Stamp Duty the most complex Tax? Is it killing the property market down

The changes to Stamp duty introduced initially by George Osborne and followed through by the current Chancellor seem to have achieved the aim of raising taxes but at the same time ated as a large negative for Buy to Let investors and First time buyers who have to buy in the South East and London.

The punitive rates for First Time buyers have become a negative that balances out any of the support to First Time buyers offered by Help to Buy schemes. It all means that if you are faced with London or South East first time buyer property prices then the Government has probably increased your costs considerably. This regional discrimination will no doubt affect the perception of the Government among the more youthful elements of the population.

It has become such a glaring issue that a daily newspaper ” The Daily Telegraph ” has started a campaign to influence the Chancellor in order to see reductions in Stamp Duty for First Time buyers and I guess we all would like to see this campaign succeed.

The newspaper has also highlighted how complicated the Stamp Duty regime has become, no doubt like others before him the Chancellor will say he aims to simplify the Tax system, then if this is true ( I suspect it is not ) then Stamp Duty would be a good place to start.


In fact the Telegraph has published an up to date calculator which is I have to say very useful, but also shows how complex this element of the Tax system has become.


Is this the new Buy to Let Opportunity?

During a busy three year period the Government seems to have tried with varying degrees of success to cool the Housing market by making it more difficult to be a successful Buy to Let investor. The simple idea ( from not so simple people I guess ) seems to have been that if fewer people became Landlords then less property would be sold and a reduction in demand for property would lead to lower property prices.( Fat chance)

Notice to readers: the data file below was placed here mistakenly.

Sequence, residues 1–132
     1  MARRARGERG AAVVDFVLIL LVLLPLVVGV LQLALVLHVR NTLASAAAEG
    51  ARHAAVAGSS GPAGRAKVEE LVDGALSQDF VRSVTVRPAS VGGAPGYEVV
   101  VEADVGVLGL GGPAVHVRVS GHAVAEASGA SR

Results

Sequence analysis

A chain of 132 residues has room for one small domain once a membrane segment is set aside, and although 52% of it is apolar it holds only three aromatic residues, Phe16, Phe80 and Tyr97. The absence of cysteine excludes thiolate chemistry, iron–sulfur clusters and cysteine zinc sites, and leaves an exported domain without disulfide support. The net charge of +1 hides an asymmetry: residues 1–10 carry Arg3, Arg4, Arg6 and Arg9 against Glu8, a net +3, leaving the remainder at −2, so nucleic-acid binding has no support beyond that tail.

So if you are a new Buy to Let investor, or a small existing investor who intends to raise hefty mortgages to build a property portfolio, then there is no doubt they have made it less attractive by reducing the returns you can make from a mortgaged property. In fact from making it more difficult to qualify for a buy to let mortgage, to increasing the amount of tax you pay, it has been a pretty full on attack on this part of the market and these individuals.

As always though, one persons misery becomes another persons opportunity.

The low borrowing rates and the post Brexit fall in the value of Sterling has meant for some investors a golden opportunity has arisen.

If you are a large company with a significant portfolio or a foreign investor benefiting from the exchange rate you probably believe this is a heaven sent opportunity.

As a result we have the Times newspaper highlighting the fact that an increasing proportion of British property is being bought by foreign investors, and that this movement in the property market is no longer just focused in the London area, it now is impacting in the larger cities across the country. They quote one Manchester development where 93% of the units have been purchased by overseas investors, when they say overseas investors of course they include offshore funds and companies and so the numbers may not be a true reflection of the situation. Large U.K. based investors may well own all or part of these offshore companies and so may have effectively benefited from the Governments actions. As often is the case its just the small investors that pay the price of the changes.

Due to the size of the opportunity on offer to these larger types of investors it should be no surprise therefore that the messages on House prices do not reflect a mission accomplished for the Government. After an initial cooling most forecasts now seem to point to a strong recovery in the market for mortgages and House prices. The Daily Express highlighted a report from the Centre for Economics and Business that predicts a 25% increase in house prices over the next 4 years.

Not good reading for the Government, unless of course, if you take a slightly more cynical view, their intention was just to raise more taxes and cooling the market was the excuse used to do this.